Council OKs housing project along Gowanus Canal

Aerial view of Toll Brothers’ proposed development. Image:GreenbergFarrow.

Council approves waterfront project despite community’s concerns about affordable housing component. On March 11, 2009, the City Council approved Toll Brothers’ proposed development at 363-365 Bond Street in Carroll Gardens, Brooklyn. The 525,309-sq.ft. development will provide 447 residential units, including 130 affordable units. The project, located on two blocks along the Gowanus Canal, bounded by Carroll, Second, and Bond Streets, includes two five-story buildings, a series of four-story townhouses, and two 12- story buildings fronting the canal. 6 CityLand 4 (Feb. 15, 2009).

At Council’s March 4th Zoning & Franchises Subcommittee hearing, Brooklyn Borough President Marty Markowitz called on Toll Brothers to reduce the 12-story buildings to eight stories, so that views from the Carroll Gardens Historic District would remain unobstructed. Markowitz also requested that Toll enter into a legally enforceable commitment to provide the project’s affordable housing component. A representative from Brooklyn Community Board 6 testified that although CB6 conditionally voted to approve the project, it was concerned that the developer had not guaranteed that affordable housing would be built. If the developer could not guarantee affordable housing, CB6 believed the project should be denied.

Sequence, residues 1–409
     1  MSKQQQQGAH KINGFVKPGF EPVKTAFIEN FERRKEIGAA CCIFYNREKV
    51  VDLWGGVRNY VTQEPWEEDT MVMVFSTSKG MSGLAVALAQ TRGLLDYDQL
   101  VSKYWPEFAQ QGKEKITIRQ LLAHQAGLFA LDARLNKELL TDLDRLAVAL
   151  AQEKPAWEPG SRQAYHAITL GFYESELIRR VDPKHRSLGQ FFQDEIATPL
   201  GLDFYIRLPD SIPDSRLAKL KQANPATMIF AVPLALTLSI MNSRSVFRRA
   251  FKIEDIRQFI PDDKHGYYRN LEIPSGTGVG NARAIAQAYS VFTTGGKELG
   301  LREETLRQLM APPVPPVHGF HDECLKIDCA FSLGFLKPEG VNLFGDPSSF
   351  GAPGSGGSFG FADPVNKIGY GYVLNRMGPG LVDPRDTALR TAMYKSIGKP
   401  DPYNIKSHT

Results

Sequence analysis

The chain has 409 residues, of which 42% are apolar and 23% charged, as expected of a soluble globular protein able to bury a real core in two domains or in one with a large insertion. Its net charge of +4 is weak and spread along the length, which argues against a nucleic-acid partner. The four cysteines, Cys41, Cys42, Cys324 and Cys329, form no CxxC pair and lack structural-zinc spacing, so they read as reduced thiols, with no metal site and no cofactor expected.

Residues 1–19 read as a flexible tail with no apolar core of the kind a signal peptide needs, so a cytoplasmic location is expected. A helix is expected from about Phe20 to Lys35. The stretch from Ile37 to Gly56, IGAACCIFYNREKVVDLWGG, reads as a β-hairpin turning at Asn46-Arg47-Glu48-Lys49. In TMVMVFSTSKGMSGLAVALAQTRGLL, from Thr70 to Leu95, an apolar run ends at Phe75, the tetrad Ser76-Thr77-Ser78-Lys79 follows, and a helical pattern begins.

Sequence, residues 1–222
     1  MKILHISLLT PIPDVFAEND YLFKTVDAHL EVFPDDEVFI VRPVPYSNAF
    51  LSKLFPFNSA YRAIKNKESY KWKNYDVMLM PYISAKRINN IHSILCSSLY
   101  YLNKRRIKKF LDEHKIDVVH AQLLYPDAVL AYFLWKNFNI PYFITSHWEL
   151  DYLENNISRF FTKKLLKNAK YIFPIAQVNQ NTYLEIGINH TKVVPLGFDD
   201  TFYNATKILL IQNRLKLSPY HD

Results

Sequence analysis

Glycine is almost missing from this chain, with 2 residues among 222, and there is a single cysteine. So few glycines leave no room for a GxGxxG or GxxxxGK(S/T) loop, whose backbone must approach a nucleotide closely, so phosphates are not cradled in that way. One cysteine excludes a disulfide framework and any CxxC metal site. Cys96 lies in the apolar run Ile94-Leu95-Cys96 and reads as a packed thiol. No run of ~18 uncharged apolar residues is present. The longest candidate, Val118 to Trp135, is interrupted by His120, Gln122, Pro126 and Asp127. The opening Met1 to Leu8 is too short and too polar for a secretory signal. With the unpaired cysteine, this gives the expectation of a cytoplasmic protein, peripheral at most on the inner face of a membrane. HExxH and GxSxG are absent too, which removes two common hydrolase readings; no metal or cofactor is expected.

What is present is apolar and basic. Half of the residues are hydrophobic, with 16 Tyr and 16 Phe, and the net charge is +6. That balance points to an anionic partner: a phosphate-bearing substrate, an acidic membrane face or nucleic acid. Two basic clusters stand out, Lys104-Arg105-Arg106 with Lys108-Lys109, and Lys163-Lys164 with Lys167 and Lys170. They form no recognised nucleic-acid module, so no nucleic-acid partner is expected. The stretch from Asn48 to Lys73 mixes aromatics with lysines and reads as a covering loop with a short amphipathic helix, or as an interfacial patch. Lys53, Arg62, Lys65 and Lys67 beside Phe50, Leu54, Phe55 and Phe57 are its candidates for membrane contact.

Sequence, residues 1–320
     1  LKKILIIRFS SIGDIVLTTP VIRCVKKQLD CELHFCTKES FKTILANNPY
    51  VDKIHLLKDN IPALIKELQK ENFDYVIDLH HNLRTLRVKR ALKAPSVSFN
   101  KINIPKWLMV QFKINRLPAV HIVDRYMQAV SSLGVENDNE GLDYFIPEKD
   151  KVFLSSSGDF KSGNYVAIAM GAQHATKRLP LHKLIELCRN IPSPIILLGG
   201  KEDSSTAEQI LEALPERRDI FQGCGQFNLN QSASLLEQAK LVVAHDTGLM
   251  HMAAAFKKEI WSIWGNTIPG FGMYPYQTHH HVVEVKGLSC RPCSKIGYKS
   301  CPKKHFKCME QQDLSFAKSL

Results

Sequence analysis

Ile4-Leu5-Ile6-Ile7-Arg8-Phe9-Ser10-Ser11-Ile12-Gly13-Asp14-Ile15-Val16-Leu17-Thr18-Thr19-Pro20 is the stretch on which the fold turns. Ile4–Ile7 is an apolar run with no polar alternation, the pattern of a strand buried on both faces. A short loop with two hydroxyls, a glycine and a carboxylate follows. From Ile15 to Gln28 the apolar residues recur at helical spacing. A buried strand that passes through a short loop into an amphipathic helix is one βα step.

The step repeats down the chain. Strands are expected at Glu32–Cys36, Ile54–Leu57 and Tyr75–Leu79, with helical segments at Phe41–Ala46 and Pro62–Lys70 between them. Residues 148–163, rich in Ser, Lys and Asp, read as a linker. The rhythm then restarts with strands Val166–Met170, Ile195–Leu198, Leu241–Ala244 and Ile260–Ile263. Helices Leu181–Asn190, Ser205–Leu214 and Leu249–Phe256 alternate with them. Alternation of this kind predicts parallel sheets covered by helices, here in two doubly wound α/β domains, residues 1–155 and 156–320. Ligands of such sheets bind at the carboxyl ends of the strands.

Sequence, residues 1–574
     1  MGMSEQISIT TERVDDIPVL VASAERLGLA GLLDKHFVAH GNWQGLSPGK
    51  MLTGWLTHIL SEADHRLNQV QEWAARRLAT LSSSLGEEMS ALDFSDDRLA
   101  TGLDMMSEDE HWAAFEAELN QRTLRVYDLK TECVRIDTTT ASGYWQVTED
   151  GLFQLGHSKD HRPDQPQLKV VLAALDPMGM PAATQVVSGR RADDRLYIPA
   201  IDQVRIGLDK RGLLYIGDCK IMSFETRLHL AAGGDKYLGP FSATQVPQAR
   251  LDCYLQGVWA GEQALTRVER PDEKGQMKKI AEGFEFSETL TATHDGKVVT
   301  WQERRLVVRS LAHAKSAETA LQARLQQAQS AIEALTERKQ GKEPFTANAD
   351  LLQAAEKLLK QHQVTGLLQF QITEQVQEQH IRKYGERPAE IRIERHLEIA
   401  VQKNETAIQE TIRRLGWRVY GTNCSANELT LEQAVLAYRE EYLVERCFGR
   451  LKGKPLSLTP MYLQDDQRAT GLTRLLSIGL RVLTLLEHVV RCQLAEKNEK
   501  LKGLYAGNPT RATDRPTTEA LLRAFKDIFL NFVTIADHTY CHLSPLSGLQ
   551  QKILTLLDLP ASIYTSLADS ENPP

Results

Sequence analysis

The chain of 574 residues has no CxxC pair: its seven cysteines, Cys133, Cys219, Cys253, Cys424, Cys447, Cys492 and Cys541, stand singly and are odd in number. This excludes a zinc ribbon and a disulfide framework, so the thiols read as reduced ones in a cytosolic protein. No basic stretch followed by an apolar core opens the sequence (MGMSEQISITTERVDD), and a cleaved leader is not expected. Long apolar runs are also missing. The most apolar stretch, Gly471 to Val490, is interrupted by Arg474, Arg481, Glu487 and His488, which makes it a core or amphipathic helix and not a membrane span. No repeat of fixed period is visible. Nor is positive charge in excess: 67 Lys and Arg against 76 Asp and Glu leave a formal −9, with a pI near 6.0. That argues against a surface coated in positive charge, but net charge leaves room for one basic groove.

Council Member Bill de Blasio, whose district includes Carroll Gardens, supported the project, stating that the project’s height and density was an appropriate way to increase the availability of affordable housing in the neighborhood. He believed that Toll’s commitment to building the affordable housing was “real” and that the number of units was substantial.

Subcommittee Chair Tony Avella questioned the developer as to why the project’s height could not be reduced, to which a Toll representative responded that reducing the height to eight stories would lead to an unattractive monolithic form and prevent the construction of the townhouses. Avella also asked what assurances Toll could give that the affordable housing would be built. The representative stated that Toll remained committed to obtaining the subsidies needed to provide the affordable housing because the FAR bonus necessary to build the project as proposed was contingent on providing affordable units. Avella recessed the hearing so that Toll could come back and provide more information on several items, including the community’s concerns over affordable housing.

When the Subcommittee reconvened on March 9th, Toll’s representatives provided additional details of the affordable housing component. Avella said that he appreciated the testimony, but remarked that it did not “get to the heart of the matter,” which was whether Toll was willing to use a deed restriction, or some other written agreement, establishing a firm commitment to provide the affordable housing. Toll’s representatives reiterated Toll’s commitment to obtaining the subsidies necessary to provide the affordable housing so that the project, as proposed, could be built.

The hearing was closed, and Council Member Melinda R. Katz recommended the project’s approval. The project was approved, with only Avella voting no. The Land Use Committee approved the project, and the full Council followed suit.

Review Process
Lead Agency: CPC, FEIS
Comm.Bd.: BK 6,App’d, 23-10-5
Boro.Pres.: App’d
CPC: App’d, 12-0-0
Council: App’d, 45-1-3

Council: 363-365 Bond Street (C 090047 ZMK – rezoning); (C 090048 ZSK – spec. perm.); (N 090049 ZRK – text amend.) (March 11, 2009).

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